At this point, I have lived most of my life in Arkansas. I moved here as a kid from Los Angeles, CA. It was quite a stark culture shock which caused me to spend a lot of my teenage years absolutely resenting this place. I have since grown to appreciate and love it, but growing up I felt like I didn’t belong here and I despised a lot of the narrow-minded and stubborn beliefs that are very prevalent in this part of the country. It took me a few years but I was able to finally discover the metal and hardcore communities here and soon found that there were others like me, others who felt like they didn’t belong and others that were able to find solace in hardcore, punk, metal, etc., and use that a source of escapism.
I want to shine a light on newer/lesser-known Arkansas bands, bands that have very recently released music, or bands that are still very active. Based on those criteria there are a few obvious bands (some of my favorites actually, not just from Arkansas but favorites in general) that I won’t be mentioning like Living Sacrifice, Rwake, Pallbearer, or Burned Up Bled Dry. All great bands, but I want to bring some attention to some workhorse bands in the area that might not be known outside of this area of the country. There are plenty of great bands in Arkansas doing awesome things, so here are the first 5 that came to my head.
The phrase “your favorite band’s favorite band” gets thrown around a lot. Few bands can actually legitimately make that claim in the same way Arkansas’ own sludge lords, Deadbird could. Somewhere between sludge and doom, you’ll find Deadbird’s thick, driving, syrup-laden riffs. Their two previous records, 2005’s The Head and The Heart and 2008’s Twilight Ritual are absolute masterpieces in the world of the slow and heavy and have garnered Deadbird an almost cult-like following. Recently resurrected from an extended hibernation, it was announced that the highly anticipated third Deadbird LP (and potential metal AOTY contender), III: The Forest Within the Tree, will be coming out Oct. 12 on 20 Buck Spin (a label that has been putting out some of 2018’s most exciting metal records). I’m sure it’ll be chock full of driving riffs and that signature Deadbird somberness we have all come to love. A decade removed from their last LP, I feel like III is going to be worth the wait. Prepare yourselves.
I Was Afraid
I Was Afraid is often described as “space rock” which probably makes no sense until you hear them. Take a pinch of shoegaze and a pinch of grunge with (sometimes) chunky yet (always)atmospheric guitar riffs, some spacey vocals and you have a rough description of the I Was Afraid sound. Think Failure and Hum combined with elements of those slower Deftones songs. They are by far the hardest touring band on my list. There is a good chance they have played near you at some point in time and if you missed them, shame on you. Their most recent release, Lonely Frontier, is 4 tracks of '90s-inspired catchy, albeit gloomy, jams that are almost hypnotic. Their previous record, Endless Ecstasy, is just as good. If you’ve got an itch for dreamy, grungy, atmospheric rock that’s got hooks but radiating with melancholy vibes at the same time, look no further.
No Remorse (Little Rock)
In regards to my local scene, few things make me happier than seeing new hardcore bands started by younger kids. No Remorse (Little Rock) is the youngest and newest band on my list. Previously featured on No Echo, NR dropped a crushing debut EP a few months back that is oozing with Disembodied/Martyr A.D. vibes with a little bit of death metal flare thrown in the mix. They have a live show that’s equally as hard. Even though that EP just recently dropped, they’re already working on new material and really starting to carve out their groove and carve out their style. I’m excited to see what they do next.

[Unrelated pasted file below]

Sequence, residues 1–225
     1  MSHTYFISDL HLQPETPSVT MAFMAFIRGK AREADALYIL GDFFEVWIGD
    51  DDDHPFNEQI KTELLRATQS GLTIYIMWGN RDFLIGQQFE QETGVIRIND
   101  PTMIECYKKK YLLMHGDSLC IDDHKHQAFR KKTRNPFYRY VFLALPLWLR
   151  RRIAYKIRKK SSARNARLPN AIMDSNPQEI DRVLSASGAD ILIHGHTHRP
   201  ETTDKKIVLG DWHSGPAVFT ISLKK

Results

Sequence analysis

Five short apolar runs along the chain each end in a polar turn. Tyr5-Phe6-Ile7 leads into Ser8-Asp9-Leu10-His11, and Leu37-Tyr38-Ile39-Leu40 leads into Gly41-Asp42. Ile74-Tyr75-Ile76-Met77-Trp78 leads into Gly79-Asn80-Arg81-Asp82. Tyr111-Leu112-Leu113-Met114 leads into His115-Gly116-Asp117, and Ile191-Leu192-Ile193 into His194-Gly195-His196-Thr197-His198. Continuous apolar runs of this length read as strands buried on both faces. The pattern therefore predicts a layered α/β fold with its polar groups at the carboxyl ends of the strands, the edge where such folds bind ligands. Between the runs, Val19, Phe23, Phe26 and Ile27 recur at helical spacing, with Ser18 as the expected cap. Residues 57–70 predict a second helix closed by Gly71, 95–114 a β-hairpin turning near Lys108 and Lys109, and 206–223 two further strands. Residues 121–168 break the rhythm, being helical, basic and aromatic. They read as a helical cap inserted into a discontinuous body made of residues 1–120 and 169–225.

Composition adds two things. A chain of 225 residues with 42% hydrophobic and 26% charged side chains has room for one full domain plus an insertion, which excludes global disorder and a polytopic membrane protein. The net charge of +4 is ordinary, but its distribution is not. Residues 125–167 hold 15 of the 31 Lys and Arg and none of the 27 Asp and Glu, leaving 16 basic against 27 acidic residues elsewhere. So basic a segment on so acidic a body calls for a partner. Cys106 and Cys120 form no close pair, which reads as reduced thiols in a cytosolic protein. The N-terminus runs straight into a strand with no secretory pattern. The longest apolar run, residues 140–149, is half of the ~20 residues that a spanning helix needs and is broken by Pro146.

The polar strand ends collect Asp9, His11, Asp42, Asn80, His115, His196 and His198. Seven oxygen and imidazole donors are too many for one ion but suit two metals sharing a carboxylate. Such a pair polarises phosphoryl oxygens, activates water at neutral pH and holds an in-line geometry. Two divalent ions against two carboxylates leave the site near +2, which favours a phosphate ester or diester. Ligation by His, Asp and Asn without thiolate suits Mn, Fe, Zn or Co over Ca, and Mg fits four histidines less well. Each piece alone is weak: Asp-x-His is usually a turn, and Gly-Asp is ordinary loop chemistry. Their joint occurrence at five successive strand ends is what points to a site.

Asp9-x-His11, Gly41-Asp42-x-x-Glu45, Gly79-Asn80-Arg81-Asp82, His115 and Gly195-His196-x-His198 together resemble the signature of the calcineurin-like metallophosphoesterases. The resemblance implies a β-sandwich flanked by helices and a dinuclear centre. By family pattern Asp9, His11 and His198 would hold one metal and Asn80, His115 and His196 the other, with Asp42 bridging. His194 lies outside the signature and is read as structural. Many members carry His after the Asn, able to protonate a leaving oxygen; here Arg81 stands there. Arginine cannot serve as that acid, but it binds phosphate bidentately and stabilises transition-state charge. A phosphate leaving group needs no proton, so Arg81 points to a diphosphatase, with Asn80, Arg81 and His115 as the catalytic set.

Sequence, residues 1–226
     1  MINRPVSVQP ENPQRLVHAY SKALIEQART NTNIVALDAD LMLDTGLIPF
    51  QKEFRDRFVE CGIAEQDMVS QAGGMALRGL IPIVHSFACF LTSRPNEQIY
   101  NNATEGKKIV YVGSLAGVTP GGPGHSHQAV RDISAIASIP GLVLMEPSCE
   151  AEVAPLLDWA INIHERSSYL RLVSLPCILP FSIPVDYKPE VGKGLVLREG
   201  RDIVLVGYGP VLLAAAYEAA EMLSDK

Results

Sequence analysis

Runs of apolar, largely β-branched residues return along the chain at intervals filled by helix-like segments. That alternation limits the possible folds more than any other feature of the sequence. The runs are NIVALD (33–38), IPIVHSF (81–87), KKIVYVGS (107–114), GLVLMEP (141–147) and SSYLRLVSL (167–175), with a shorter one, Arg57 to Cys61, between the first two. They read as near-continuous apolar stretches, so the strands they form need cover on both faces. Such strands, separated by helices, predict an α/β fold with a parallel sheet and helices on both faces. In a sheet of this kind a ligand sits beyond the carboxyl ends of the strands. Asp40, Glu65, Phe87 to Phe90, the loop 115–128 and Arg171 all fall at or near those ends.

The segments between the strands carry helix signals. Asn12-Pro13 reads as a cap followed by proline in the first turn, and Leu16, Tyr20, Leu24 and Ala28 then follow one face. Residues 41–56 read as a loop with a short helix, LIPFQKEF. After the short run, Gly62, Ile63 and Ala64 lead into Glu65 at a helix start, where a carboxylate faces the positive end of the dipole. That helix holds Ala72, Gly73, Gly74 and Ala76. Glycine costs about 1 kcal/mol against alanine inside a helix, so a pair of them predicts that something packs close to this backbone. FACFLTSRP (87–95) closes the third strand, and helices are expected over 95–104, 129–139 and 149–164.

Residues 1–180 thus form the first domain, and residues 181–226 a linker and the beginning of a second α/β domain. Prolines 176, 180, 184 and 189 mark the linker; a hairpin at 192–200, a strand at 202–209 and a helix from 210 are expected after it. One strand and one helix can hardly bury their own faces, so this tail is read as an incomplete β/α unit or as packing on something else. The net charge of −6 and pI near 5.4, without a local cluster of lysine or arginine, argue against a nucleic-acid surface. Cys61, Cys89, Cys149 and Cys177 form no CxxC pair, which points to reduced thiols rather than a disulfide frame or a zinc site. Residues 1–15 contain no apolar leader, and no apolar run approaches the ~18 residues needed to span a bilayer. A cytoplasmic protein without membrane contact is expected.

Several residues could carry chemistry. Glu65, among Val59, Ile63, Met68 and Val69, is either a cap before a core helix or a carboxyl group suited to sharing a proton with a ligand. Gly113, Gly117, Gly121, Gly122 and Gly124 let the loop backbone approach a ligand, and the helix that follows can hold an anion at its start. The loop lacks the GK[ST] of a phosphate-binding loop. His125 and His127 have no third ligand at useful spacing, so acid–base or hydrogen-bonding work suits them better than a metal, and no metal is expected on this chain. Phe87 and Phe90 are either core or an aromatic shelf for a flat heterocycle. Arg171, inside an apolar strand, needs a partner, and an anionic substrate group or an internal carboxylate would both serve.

Colour Design plays a style that’s tough to pin point. While there are elements of shoegaze, elements of 90s alternative, and even elements of post-hardcore, they have a sound all to their own. Their most recent release, They Don’t Exist, is filled with soaring guitar parts and haunting melodies. That, combined with the production, makes this record sound huge. The slightly harsh vocals bleed with sentiment and when they are laid over the almost soothing instrumentals, it provides a really unique and awesome dynamic. The record is like a roller coaster of emotion, balancing songs that almost exhume optimism with others that are downright mournful. Colour Design’s unique execution hits all the right spots.
Sumokem is sludge, doom, and a little bit of their own flavor thrown in and cranked to 11. I’ve listen to The Guardian of Yosemite LP multiple times, but each listen through is like a different journey. You know when you watch a movie multiple times, but each time you notice a new little detail that you haven’t caught before? It’s like that but with a metal record. The attention to detail they have when it comes to laying out a track is unreal. The way each track unfolds, I feel like each song tells it’s own story. They are able to balance the heaviness of the big stoner/sludge riffs and add some calm, clean ambience in a way that few others can. From the production to the song structure everything just sounds massive with this band. Fans of Pallbearer, Sleep, Floor, etc., would really appreciate what Sumokem does.
Terminal Nation's Absolute Control EP is out now via Deep Six Records and can be streamed below:
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